“Although it’s against the law to provide alcohol to minors, the survey confirms that adults are the primary source of access for youth,” said Ruth Gassman, executive director of the Indiana Prevention Resource Center at Indiana University’s School of Health, Physical Education and Recreation. “Many parents may not realize or wish to acknowledge that providing alcohol in their home to youth or a keg at a graduation celebration is against the law.”
The biennual Youth Risk Behavior Survey (YRBS) conducted by the national Centers for Disease Control and Prevention (CDC) recently released results from the 2009 survey that examined youth health-risk behaviors in six categories, including alcohol and drug use. The IPRC worked with the Indiana State Department of Health, which coordinated the administration of the YRBS in Indiana, to include additional questions about youth access to alcohol.
Other major survey findings:
- Almost two-thirds of students who attempted to purchase alcohol in a store in the past month were not asked to show proof of legal age.
- More than 80 percent of the students who drank recently said they usually drank at either their home or someone else’s residence. Almost half of those students reported an adult 21 or older was present at the home. A higher prevalence of younger students reported they drink at home without an adult present.
- Students who drank reported liquor, such as vodka, rum, scotch, bourbon, or whiskey, as their most common beverage. Gassman said this indicates the types of alcohol the youth are obtaining in their homes.
Gassman said it is critical to identify the primary sources of alcohol access so that efforts can be focused on eliminating them.
“We know that limiting access to alcohol reduces underage drinking,” she said. “Since most youth obtain their alcohol from willing adults, we need to implement efforts to prevent adults from providing it to them.”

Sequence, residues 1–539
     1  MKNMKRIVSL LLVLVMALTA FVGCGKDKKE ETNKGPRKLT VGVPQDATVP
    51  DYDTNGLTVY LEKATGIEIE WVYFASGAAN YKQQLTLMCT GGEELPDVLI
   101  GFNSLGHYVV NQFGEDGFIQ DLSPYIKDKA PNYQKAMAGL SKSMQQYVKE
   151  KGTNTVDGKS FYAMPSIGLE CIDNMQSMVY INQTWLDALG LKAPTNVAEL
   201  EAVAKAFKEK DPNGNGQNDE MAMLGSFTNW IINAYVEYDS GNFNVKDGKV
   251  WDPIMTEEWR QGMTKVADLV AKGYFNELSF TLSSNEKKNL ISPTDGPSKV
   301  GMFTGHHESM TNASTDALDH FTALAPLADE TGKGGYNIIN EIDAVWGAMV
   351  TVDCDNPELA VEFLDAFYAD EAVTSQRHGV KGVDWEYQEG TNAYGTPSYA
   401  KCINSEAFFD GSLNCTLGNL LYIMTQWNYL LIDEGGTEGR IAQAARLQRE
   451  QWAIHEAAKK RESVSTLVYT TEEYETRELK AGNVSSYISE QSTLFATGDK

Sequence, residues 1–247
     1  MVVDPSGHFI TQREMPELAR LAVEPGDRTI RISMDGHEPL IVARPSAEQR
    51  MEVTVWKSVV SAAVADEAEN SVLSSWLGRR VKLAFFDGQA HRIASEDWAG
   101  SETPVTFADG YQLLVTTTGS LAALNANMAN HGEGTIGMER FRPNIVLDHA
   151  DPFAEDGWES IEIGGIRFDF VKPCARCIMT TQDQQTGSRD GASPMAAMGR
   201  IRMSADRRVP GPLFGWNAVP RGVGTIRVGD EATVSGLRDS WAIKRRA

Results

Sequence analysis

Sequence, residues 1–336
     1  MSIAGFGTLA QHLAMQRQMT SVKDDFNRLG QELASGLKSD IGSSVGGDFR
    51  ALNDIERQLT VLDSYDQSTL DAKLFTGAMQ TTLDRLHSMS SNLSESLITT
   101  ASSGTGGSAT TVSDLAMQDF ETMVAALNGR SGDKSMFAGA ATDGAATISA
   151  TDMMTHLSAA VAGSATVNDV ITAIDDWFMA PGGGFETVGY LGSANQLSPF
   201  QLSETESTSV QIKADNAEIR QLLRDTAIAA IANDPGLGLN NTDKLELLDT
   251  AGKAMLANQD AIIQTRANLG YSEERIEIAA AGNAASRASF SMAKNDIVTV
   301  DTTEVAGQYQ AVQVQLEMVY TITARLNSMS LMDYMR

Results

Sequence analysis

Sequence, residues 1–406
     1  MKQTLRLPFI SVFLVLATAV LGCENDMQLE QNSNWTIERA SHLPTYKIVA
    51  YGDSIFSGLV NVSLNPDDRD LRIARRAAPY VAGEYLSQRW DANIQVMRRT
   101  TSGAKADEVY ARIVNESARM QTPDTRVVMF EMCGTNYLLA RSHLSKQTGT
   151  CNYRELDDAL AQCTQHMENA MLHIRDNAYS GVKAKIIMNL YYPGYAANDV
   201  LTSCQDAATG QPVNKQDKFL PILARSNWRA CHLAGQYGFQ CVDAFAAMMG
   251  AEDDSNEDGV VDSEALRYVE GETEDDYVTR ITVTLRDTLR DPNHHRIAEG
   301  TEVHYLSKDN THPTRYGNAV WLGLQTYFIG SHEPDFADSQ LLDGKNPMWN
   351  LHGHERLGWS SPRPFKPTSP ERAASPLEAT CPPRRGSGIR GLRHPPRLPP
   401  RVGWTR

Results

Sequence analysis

One such effort is the mandatory carding law that goes into effect July 1. It will require establishments selling “carry out” alcohol to check identification of all buyers, regardless of their apparent age.
“This law will take the speculative guess work out of the employee’s ability to correctly card someone,” said Lisa Hutcheson, director of the Indiana Coalition to Reduce Underage Drinking. “We know that minors attempt to use IDs that do not belong to them, or that are not valid to purchase alcohol. This new law will hopefully encourage them to think twice before they attempt to use an illegal ID.”
According to the survey, half of the students who drank alcohol in the past month said they usually drank liquor, compared to one-quarter who reported beer as their usual alcoholic drink. Age, again, was significantly correlated with drinking patterns; a higher proportion of older students indicated beer as their usual alcoholic beverage.
“The fact that younger students reported a higher prevalence of drinking liquor is alarming and tells us what types of alcohol they are obtaining in their homes,” Gassman said. “Parents and other adults who reside with underage persons in the home need to be aware this is occurring and secure liquor so it is inaccessible.”
She said there are many ways that communities can lessen the availability of alcohol to young people.
“The YRBS survey findings suggest the need for communities to institute ordinances to hold adults accountable for furnishing alcohol to minors.” Gassman said. “Communities can also adopt policies that limit the number and density of alcohol outlets, as well as strengthen and enforce laws aimed at alcohol retailers.”
Other strategies can be found in the report: “Strategies To Reduce Underage Alcohol Use: Typology and Brief Overview,” prepared by the Pacific Institute for Research and Evaluation. The report can be found at www.udetc.org/documents/strategies.pdf. Below are some of the recommendations in the report:
- Compliance checks — A police officer watches while a person under age 21 attempts to purchase an alcoholic beverage.
- Alcohol-server training — Educate and train servers on penalties, signs of intoxication and checking for false identification.
- Social host ordinances — Increase penalties and/or make it easier to prosecute adults for providing alcohol to underage youth.
- Shoulder taps — A police officer watches while a person under age 21 asks an adult in the parking lot of an alcohol retailer to purchase alcohol for them.
The IPRC is funded by the Indiana Family and Social Services Administration/Division of Mental Health and Addiction.
For questions related to the YRBS survey and its findings, please contact Rosemary King at 812-855-9150 and email@example.com. For more information about the IPRC, in the School of HPER’s Department of Applied Health Science, visit www.drugs.indiana.edu/.